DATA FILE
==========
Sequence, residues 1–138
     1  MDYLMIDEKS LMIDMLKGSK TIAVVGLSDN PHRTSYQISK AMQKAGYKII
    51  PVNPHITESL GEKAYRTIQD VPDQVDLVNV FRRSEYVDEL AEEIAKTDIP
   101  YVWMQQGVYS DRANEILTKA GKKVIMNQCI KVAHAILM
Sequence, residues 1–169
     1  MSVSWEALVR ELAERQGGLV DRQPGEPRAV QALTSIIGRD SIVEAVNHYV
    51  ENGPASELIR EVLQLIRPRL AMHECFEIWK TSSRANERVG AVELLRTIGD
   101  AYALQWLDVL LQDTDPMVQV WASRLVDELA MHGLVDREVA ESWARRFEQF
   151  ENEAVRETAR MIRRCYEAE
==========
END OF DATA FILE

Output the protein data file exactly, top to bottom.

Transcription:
Sequence, residues 1–138
     1  MDYLMIDEKS LMIDMLKGSK TIAVVGLSDN PHRTSYQISK AMQKAGYKII
    51  PVNPHITESL GEKAYRTIQD VPDQVDLVNV FRRSEYVDEL AEEIAKTDIP
   101  YVWMQQGVYS DRANEILTKA GKKVIMNQCI KVAHAILM
Sequence, residues 1–169
     1  MSVSWEALVR ELAERQGGLV DRQPGEPRAV QALTSIIGRD SIVEAVNHYV
    51  ENGPASELIR EVLQLIRPRL AMHECFEIWK TSSRANERVG AVELLRTIGD
   101  AYALQWLDVL LQDTDPMVQV WASRLVDELA MHGLVDREVA ESWARRFEQF
   151  ENEAVRETAR MIRRCYEAE